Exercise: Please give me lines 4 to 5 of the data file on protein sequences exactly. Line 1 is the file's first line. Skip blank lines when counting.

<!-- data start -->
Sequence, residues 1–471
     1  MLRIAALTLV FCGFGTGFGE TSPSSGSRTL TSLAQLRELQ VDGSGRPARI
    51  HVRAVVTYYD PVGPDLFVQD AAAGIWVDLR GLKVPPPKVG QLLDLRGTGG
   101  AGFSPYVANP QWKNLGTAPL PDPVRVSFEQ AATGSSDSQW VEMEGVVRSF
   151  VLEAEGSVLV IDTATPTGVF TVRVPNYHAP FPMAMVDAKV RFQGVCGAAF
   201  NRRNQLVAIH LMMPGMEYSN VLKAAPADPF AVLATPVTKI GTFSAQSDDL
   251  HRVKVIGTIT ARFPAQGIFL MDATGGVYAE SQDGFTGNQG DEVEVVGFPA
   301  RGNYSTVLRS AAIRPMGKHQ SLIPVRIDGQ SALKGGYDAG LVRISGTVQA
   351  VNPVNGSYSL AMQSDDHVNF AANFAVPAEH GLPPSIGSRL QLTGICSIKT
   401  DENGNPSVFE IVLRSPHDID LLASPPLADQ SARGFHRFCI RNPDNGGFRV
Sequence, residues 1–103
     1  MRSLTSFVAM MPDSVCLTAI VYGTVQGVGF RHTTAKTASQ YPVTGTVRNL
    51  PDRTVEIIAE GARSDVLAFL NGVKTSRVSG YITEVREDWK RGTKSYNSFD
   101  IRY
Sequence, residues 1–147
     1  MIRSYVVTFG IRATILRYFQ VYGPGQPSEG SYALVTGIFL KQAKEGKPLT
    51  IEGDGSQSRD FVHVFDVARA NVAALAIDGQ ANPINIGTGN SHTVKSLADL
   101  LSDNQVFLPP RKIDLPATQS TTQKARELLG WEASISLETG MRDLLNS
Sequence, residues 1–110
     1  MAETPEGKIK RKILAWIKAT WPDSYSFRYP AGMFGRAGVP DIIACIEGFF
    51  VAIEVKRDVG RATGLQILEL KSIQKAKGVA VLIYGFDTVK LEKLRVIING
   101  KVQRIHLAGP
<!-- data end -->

   101  AGFSPYVANP QWKNLGTAPL PDPVRVSFEQ AATGSSDSQW VEMEGVVRSF
   151  VLEAEGSVLV IDTATPTGVF TVRVPNYHAP FPMAMVDAKV RFQGVCGAAF